Nan Goodman & Simon Stern
Legal language in America, a species of the political discourse of popular sovereignty, underwent significant changes during the nineteenth century. Beyond dramatic changes in the technologies of language, two major sociolegal dynamics of political development drove linguistic innovation during the nineteenth century: expansion and consolidation. Religious revivals and political reform movements, including a number of utopian projects, spread the language of liberty and popular consent as groups migrated west. The sensational 1829 pamphlet known as Walker's Appeal turned America's language of political liberty against the slave trade. David Walker, a former slave, directed his words primarily to the colored people of the United States, urging them to "assert their rights as men" by revolting against their slave masters. As the nineteenth century came hurtling to a close, new disintegrating forces worked against national efforts at linguistic consolidation. The most visible development involved the displacement of customary legal discourse by institutions and statutes over time.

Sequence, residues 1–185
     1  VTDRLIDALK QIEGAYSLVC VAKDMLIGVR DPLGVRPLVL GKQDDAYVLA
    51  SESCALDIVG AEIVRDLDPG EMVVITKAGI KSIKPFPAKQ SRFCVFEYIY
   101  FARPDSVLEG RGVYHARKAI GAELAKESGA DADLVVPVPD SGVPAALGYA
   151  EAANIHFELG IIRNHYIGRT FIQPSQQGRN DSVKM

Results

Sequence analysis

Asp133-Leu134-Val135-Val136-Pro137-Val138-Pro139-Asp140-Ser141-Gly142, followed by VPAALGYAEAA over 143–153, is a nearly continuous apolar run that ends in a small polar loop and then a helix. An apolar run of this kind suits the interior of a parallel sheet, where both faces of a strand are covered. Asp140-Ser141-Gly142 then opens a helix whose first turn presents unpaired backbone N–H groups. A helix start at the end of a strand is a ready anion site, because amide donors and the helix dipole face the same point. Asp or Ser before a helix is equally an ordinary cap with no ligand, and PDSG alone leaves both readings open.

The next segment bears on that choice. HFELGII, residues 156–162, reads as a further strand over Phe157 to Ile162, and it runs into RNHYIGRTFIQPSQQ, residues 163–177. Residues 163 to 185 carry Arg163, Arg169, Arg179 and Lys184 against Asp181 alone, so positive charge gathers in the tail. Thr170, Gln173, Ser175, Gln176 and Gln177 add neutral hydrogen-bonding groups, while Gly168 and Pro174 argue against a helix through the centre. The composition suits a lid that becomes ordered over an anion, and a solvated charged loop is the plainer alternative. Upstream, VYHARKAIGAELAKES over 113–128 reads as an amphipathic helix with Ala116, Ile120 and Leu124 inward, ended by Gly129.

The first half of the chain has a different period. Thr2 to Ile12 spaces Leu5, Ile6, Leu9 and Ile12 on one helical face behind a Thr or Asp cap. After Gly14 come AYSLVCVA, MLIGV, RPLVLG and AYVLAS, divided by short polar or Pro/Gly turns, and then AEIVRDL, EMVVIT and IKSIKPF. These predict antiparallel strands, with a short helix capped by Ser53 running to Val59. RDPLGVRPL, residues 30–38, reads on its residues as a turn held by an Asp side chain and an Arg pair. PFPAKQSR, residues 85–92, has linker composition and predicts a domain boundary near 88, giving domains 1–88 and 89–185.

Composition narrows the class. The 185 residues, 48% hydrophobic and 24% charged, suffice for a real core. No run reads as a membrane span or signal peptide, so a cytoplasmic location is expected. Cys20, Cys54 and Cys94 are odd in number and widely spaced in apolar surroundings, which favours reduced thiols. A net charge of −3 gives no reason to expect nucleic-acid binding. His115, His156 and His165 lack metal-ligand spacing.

Robert L. Tsai,
Legal Language: Expansion, Consolidation, Resistance
The Routledge Research Companion to Law and Humanities in Nineteenth-Century America
(Nan Goodman & Simon Stern ed.,
Available at: https://scholarship.law.bu.edu/faculty_scholarship/2712